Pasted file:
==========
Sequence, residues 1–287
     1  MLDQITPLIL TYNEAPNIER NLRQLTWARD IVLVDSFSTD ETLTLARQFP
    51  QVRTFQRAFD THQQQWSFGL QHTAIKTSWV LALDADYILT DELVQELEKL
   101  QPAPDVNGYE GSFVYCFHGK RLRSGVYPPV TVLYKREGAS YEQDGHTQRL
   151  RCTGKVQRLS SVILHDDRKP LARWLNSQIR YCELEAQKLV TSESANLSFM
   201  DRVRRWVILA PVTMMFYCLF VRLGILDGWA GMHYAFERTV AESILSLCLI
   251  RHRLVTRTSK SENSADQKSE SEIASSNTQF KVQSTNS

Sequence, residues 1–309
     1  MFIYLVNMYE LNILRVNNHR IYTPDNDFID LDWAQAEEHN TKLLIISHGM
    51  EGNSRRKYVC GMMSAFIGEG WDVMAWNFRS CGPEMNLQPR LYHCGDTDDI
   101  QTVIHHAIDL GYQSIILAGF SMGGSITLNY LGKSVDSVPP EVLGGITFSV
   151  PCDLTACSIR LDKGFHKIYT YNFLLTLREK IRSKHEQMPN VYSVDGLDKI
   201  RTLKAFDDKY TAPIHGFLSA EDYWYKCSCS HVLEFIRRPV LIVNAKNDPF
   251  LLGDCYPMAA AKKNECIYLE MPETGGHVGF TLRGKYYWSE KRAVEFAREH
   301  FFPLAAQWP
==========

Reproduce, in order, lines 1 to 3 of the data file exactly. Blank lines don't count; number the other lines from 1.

Sequence, residues 1–287
     1  MLDQITPLIL TYNEAPNIER NLRQLTWARD IVLVDSFSTD ETLTLARQFP
    51  QVRTFQRAFD THQQQWSFGL QHTAIKTSWV LALDADYILT DELVQELEKL